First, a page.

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I found in Nature magazine that photon can have Bose-Einstein condensation.

But I have a question how to derive the critical temperature for photon? Because the chemical potential of photon is zero and rest mass is also zero. And what's the microscopic mechanism of BEC of photon?

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    $\begingroup$ Photons do not form a Bose-Einstein condensate in free space. The abstract of the paper itself makes this very clear: "However, the most omnipresent Bose gas, blackbody radiation (radiation in thermal equilibrium with the cavity walls) does not show this phase transition. In such systems photons have a vanishing chemical potential, meaning that their number is not conserved when the temperature of the photon gas is varied; at low temperatures, photons disappear in the cavity walls instead of occupying the cavity ground state.". One has to fill the cavity with some matter for BEC to occur. $\endgroup$ – CuriousOne Oct 16 '14 at 6:01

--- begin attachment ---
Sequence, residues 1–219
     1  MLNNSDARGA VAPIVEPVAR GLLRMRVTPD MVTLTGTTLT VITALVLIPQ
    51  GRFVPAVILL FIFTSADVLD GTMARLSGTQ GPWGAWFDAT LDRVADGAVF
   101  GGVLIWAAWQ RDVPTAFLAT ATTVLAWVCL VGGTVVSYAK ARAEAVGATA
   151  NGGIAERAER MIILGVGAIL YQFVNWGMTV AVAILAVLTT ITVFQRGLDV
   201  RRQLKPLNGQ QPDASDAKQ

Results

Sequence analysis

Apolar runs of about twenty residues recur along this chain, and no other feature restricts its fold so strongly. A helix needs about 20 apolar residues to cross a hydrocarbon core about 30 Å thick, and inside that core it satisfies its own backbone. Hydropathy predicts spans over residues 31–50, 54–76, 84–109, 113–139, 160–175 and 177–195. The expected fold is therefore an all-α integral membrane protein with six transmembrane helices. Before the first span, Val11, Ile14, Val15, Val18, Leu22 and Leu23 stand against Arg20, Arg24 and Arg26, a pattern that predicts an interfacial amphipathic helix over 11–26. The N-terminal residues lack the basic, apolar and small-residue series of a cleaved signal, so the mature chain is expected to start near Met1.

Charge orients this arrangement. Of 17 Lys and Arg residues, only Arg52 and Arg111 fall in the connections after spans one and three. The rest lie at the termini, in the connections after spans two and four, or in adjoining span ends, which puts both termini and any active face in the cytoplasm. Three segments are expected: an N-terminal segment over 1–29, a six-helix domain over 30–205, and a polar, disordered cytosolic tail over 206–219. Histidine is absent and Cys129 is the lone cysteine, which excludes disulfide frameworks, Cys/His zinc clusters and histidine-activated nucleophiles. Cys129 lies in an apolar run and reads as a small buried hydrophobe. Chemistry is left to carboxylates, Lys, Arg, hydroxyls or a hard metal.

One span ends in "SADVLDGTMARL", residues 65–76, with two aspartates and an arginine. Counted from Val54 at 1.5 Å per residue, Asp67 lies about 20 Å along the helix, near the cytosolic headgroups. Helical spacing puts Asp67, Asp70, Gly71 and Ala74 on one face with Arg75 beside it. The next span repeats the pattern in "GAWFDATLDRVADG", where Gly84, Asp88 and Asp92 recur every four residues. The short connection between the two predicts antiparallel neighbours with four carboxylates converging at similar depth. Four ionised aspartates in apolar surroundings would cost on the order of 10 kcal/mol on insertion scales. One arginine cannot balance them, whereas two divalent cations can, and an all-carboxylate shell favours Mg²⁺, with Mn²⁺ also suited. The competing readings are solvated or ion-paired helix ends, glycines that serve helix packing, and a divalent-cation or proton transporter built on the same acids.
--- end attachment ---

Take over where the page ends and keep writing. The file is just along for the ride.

• $\begingroup$ @CuriousOne Thanks, I know in free space Photons do not form a Bose-Einstein condensate , then how to derive the critical temperature of BEC in cavity like this paper? $\endgroup$ – 346699 Oct 16 '14 at 7:04
  • $\begingroup$ I can't tell you about the theory. In my opinion this doesn't really count as a BEC of photons. It may be a BEC of the mixed quantum state of the photons and the material in the cavity. From my perspective the far more interesting question is if photons have a "cosmological rest mass", i.e. if there can be a low temperature state of the universe in the far future, in which the free photon gas will do something unexpected (like form local BEC "lumps"). $\endgroup$ – CuriousOne Oct 16 '14 at 7:37
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The photons in the experiment are confined in a cavity, which gives effective mass to photons. With that, you could calculate the critical temperature as usual.

Although it is non-trivial to distinguish between lasing and Bose-Einstein condensation, they claim that they see "thermalization" via a lot of absorption and emission events with dye molecules, which is one of the main distinctions between lasing and Bose-Einstein condensation.

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